Click to read about the best places to eat on campus, freshman packing tips, and how to keep in touch with friends.

Become Facebook’s consumer instead of its product

Facebook is under fire for a privacy breach affecting more than 87 million users, and regulations affecting all users could be on the way. SPECIAL TO THE ORACLE 

With Facebook under the microscope, Mark Zuckerberg, co-founder and CEO of Facebook did not seem keen to the idea of changing the social media site’s business model. The hearing of Zuckerberg’s testimony exemplified that the proposed ideas from Congress on how to regulate Facebook were not efficient options for the company.

If we are going to continue to use Facebook, as users we must also learn how to crackdown on the site and protect ourselves. We must stop being Facebook’s product and become Facebook’s consumer.

During the hearing, Congress showed that it is not equipped to decide Facebook’s user policy. Hypothetical situations proposed by Congress were shut down by Zuckerberg, stating that there is a “core misunderstanding” of how Facebook works in regard to user information.

If Congress does not understand how Facebook works, they cannot effectively or efficiently fix it. However, as users of Facebook, we understand our right to privacy. If we want to regulate Facebook’s privacy policy, it can begin with us while we wait for Congress and Facebook to make necessary changes.

When Facebook was alerted in 2015 that 87 million profiles were collected by Cambridge Analytica, a data consulting firm, those users were not notified and the process of notifying these users is still underway. This fact should raise questions about other mediums that have access to our information that we are unsuspecting of, like Facebook applications.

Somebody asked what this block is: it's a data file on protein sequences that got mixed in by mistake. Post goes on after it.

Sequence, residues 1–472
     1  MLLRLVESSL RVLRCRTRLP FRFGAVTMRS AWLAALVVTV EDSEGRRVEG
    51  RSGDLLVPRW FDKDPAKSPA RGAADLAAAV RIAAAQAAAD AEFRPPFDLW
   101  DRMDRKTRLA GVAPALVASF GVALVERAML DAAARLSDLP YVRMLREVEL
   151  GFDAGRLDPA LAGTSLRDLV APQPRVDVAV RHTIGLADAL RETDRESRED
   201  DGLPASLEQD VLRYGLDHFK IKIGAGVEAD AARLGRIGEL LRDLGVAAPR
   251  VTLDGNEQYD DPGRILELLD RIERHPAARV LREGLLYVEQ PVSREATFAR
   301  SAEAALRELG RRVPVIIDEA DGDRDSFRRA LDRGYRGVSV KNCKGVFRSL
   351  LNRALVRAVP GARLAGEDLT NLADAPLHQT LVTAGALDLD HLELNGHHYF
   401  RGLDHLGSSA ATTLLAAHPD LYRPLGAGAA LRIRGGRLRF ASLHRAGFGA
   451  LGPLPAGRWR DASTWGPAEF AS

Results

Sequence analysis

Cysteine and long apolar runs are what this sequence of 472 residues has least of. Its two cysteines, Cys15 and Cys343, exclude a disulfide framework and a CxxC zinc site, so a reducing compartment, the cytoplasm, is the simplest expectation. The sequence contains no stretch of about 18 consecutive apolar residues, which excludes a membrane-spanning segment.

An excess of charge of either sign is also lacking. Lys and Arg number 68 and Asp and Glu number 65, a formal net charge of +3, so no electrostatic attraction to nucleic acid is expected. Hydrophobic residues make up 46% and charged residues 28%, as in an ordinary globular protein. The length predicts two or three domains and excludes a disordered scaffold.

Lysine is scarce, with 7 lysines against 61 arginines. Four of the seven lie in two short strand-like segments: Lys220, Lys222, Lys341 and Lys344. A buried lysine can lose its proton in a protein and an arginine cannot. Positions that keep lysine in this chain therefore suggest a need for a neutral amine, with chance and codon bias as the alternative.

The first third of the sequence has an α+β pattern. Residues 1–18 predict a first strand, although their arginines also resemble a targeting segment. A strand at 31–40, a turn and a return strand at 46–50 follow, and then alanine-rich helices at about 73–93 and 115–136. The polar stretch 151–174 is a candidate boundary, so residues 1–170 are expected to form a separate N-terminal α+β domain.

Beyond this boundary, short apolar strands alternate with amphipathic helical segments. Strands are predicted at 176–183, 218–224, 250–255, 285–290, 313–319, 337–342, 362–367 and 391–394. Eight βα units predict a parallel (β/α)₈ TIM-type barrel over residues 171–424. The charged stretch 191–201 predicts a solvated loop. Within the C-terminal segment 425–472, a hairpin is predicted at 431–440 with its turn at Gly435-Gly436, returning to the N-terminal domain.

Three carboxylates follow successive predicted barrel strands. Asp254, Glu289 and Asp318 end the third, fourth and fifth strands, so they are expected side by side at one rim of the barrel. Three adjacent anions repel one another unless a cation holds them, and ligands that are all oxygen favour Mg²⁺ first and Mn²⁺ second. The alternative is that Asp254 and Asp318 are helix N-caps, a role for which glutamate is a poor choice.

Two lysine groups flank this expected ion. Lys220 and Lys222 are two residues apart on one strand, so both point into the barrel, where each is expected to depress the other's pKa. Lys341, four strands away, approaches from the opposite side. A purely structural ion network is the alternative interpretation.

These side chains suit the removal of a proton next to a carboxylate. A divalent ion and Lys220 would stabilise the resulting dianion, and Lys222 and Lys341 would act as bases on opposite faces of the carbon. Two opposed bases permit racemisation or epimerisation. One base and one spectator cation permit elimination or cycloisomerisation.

The applications that are run through Facebook may seem like harmless fun, but tens of thousands of apps are being investigated for data misuse, as reported by New Scientist. These apps are likely to be selling our personal information to outside companies for their own benefit.

Posting on Facebook for public view can also be problematic, as we cannot be sure who is viewing our page. Having the private, “friends only” setting on each of your posts can help to eliminate unwanted, outside viewership.

If Congress wants to regulate Facebook, following the European Union’s General Data Protection Regulation model, which states that every user has the right to be informed of where their information is going and that data has the right to be erased upon request of a user, could be a step in the right direction.  

As users of Facebook, we should be concerned about the status of our privacy. We should make our own strides to protect ourselves and stay informed on new regulations that could be in Facebook's future. 


Samantha Moffett is a sophomore majoring in mass communications.